I love looking out for colours when I travel. The brightly-coloured saris of women in Southern India, the pastel shades of the houses in London’s Notting Hill, the vivid orange of a Mediterranean sunset or the purple of the Jacaranda trees in Seville.
But most of all I look for the colour blue. It can be soothing, vibrant or just remarkably beautiful. Some places are more blue than others. I always associate the Greek islands with blue, from the vivid blue of the domed houses on the island of Santorini to the brightly painted boats in the little harbours and the extraordinary turquoise colour of the sea.
Jodhpur in India is sometimes called the Blue City because of all the buildings which have been painted blue. In Jodhpur, the Brahmins, India’s priestly caste, live in blue-painted houses.
In Spain, you can see brightly-coloured blue tiles in many of the cities, like the beautifully decorated tiles of the Plaza Espana in Seville or Gaudi’s wonderfully eccentric Casa Batlló in Barcelona. In Seville, you can even find women wearing blue flamenco dresses walking down the streets.
Then there’s the blue of the British seaside. The sun has turned the rock pools a beautiful blue in these shots of Polzeath and Constantine Bay on the North Cornwall coast. Even Brighton’s a lovely shade of blue in September.
Sometimes it’s just about catching a glimpse of the blue sea through the hedge as you’re walking the South West Coastal Path in south Cornwall, and then delighting in the blue on the window frames of the houses when you arrive in the pretty harbour town of Polperro.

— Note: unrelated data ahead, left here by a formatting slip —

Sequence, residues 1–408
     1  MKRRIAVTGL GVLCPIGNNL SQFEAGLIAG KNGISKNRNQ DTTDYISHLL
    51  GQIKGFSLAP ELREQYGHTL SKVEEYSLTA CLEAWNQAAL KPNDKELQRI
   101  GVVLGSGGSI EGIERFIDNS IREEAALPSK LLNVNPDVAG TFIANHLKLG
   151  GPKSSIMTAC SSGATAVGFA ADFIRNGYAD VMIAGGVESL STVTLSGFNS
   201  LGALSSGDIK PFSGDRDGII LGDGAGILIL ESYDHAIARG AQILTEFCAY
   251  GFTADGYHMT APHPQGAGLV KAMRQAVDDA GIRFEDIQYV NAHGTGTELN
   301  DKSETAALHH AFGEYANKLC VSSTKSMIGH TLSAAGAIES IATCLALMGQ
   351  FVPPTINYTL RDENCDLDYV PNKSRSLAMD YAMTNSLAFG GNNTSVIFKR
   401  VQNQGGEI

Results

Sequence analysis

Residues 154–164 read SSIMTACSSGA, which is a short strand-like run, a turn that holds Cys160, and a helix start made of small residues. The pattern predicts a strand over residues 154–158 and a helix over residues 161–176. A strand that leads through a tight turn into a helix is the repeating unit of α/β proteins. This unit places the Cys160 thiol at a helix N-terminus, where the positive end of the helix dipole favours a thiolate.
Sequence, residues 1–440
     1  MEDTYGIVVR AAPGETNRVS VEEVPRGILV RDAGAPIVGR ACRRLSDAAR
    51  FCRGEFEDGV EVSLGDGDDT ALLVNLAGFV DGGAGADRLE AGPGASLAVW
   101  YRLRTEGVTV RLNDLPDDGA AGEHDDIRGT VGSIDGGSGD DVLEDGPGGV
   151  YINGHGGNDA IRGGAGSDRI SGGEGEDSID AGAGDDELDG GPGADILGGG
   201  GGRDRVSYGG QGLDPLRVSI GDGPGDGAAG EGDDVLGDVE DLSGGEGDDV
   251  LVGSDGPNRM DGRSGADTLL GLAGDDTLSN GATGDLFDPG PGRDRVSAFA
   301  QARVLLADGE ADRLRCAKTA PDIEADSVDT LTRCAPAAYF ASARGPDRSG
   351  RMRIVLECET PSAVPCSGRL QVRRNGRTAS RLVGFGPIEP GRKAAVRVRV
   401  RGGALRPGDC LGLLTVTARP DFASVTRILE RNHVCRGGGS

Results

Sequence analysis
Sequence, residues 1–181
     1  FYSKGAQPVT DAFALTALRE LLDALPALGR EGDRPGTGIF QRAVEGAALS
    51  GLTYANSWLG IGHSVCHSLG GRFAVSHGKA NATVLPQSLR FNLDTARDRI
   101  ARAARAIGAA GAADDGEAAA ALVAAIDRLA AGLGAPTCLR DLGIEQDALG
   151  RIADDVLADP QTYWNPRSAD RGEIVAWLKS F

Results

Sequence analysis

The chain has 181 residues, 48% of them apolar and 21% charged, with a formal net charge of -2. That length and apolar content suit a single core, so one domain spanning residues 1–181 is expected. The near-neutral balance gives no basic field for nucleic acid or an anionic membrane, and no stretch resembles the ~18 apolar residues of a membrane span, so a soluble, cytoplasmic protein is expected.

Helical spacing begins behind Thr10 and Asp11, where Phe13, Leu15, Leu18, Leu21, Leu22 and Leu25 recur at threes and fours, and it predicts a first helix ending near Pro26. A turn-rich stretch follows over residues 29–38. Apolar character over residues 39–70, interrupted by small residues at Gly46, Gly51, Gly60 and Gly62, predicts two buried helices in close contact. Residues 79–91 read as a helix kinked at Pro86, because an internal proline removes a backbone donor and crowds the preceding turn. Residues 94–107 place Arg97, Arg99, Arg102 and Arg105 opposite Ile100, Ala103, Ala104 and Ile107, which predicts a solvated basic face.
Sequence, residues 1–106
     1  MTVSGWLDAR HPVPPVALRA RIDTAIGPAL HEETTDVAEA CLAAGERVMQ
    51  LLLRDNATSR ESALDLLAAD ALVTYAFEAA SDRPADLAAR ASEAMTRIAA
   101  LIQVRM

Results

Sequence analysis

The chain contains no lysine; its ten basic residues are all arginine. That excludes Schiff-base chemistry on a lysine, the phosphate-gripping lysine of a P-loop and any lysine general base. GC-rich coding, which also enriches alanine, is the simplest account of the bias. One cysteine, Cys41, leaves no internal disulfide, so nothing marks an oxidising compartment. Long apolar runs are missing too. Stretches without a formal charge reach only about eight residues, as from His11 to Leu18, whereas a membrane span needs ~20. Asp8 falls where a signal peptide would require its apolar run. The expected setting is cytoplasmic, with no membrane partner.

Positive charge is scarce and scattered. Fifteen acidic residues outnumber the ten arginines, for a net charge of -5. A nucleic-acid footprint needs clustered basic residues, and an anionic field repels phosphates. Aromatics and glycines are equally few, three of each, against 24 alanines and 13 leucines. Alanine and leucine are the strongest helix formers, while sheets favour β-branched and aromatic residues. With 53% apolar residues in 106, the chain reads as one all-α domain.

And what about the blue of an English springtime? The gorgeous blue of the bluebells in the woods in Kent or the perfect shade of blue on Lake Windermere in the Lake District on a rare, sunny day in April.
Morocco is another country I associate with blue. In the city of Chefchaouen in the Rif Mountains, most of the doors and walls of the buildings are painted blue. Then there’s the intense blue of some of the tiles and buildings in the Jardin Majorelle in Marrakesh, a shade of blue inspired by the artist’s trip to the Atlas Mountains. I love to catch the sight of a blue djellaba as I walk the streets or the blue of the boats in the harbour at Essaouira on the Atlantic coast.
But you can find blue wherever you travel if you’re looking for it, whether it’s the blue-painted window frames and shutters on a restaurant on Paris’s Left Bank, blue chairs in a taverna in Gumusluk on Turkey’s Bodrum Peninsula, the bright blue door of a house on the Greek island of Kefalonia or a vivid blue wall of a building in Kingsand, south Cornwall.